Tiny Solutions for Big Problems: A Visit to the Lab of Daniel Heller

VIDEO | 02:26

Tiny Solutions for Big Problems: A Visit to the Lab of Daniel Heller

Chemist Daniel Heller’s lab creates new nanoscale materials that are specially designed to speed developments in cancer research, diagnosis, and treatment.
Video Details

Chemist and engineer Daniel Heller makes nanoscale materials that are specially designed to improve biological research or solve clinical problems. Using their diverse sets of expertise, members of his lab work closely together to speed developments in cancer research, diagnosis, and treatment.

The day we visited the lab, team members were busy developing carbon nanotube­–based sensors to detect early-stage cancers, as well as nanoparticles to target drugs that treat metastatic tumors — but they still made time to eat lunch outside on a sunny day.

What follows is the video transcript.

My name is Dan Heller. I am a lab head at Memorial Sloan Kettering in the Sloan Kettering Institute, and my lab focuses on nanotechnologies for the diagnosis and treatment of cancer.

Here in the lab we’re trying to make nanoparticles that will actually target and stick to the sites of cancer. The goal here — after we make these nanoparticles — is to encapsulate drugs into them, and work with clinicians to move them to the bedside. There is a lot of potential in nanotechnology. If the particles can bring a drug to the site of a metastatic disease, people won’t feel as many side effects, and it could be a more-effective therapy.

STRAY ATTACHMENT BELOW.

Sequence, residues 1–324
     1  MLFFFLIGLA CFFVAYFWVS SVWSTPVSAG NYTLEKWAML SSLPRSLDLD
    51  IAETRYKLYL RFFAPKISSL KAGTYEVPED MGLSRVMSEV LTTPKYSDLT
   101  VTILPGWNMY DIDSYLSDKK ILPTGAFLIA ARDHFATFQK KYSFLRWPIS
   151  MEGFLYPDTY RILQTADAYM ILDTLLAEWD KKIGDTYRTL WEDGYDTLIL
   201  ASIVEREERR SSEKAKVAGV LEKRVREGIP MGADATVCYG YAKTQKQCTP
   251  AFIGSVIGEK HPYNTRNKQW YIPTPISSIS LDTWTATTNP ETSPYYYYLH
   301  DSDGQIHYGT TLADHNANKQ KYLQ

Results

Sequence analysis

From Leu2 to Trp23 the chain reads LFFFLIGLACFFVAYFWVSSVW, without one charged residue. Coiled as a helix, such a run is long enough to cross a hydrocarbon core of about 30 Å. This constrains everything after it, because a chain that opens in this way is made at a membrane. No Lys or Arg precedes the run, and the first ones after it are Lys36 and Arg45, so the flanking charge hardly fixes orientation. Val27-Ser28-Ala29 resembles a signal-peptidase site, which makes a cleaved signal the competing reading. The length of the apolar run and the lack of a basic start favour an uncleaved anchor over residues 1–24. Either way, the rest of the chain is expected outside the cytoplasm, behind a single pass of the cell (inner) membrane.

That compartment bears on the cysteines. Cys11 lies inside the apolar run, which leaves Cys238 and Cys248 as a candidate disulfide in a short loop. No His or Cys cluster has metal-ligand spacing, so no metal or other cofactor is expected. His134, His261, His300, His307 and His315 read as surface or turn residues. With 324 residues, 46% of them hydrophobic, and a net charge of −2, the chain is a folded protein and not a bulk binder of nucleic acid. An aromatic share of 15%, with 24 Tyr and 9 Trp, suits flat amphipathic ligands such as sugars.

I came from a physical chemistry background. Working with engineers, I was able to learn about optical properties of nanotubes and how we can make sensors out of them. I was able to come to Memorial Sloan Kettering and apply that in a very different and new way.

Nanomaterials are really exciting because at a very small scale, they have very different and exciting properties — like, carbon nanotubes can give off light that can penetrate biological materials like skin, and they can be used to make sensors. So our nanosensors can detect molecules in real time inside of living tissues — and inside of living cells — in animals.

Memorial Sloan Kettering has a critical mass of nanotechnologists who are applying nanomaterials to treat patient diseases and to understand the cancer biology. I’m surrounded by people who have biological and clinical problems to solve.

Coming to Memorial Sloan Kettering afforded me the ability to recruit a team with very different fields of expertise. I found a polymer chemist at the top of her field, making a very rare type of material; an engineer who understands nanomaterials; a pharmacology student who understands the biological interactions of drugs; and a physicist who builds fluorescence microscopes.

Members of the lab are working together very closely because each one has his or her own area of expertise, and together they are a lot more than the sum of their parts. What’s really rewarding is to see them all interact and see what really unique things they are able to come up with. Together we are able to make technologies do things that no one else can in the world, and that’s really exciting.

What I really love about my job is that I can do what I enjoy and get into the details and technical issues of my science, but then I can go home realizing that I’ve done something that might improve human lives.